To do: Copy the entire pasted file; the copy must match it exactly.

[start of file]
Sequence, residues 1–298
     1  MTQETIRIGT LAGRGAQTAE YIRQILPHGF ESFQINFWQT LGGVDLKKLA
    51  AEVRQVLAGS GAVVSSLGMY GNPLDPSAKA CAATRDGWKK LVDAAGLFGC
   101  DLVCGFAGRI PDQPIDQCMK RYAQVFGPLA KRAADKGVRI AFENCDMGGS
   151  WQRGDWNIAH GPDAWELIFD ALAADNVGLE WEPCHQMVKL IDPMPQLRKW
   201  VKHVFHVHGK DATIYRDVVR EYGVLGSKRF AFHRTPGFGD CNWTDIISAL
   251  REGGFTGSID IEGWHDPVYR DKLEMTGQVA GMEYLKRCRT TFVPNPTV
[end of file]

Sequence, residues 1–298
     1  MTQETIRIGT LAGRGAQTAE YIRQILPHGF ESFQINFWQT LGGVDLKKLA
    51  AEVRQVLAGS GAVVSSLGMY GNPLDPSAKA CAATRDGWKK LVDAAGLFGC
   101  DLVCGFAGRI PDQPIDQCMK RYAQVFGPLA KRAADKGVRI AFENCDMGGS
   151  WQRGDWNIAH GPDAWELIFD ALAADNVGLE WEPCHQMVKL IDPMPQLRKW
   201  VKHVFHVHGK DATIYRDVVR EYGVLGSKRF AFHRTPGFGD CNWTDIISAL
   251  REGGFTGSID IEGWHDPVYR DKLEMTGQVA GMEYLKRCRT TFVPNPTV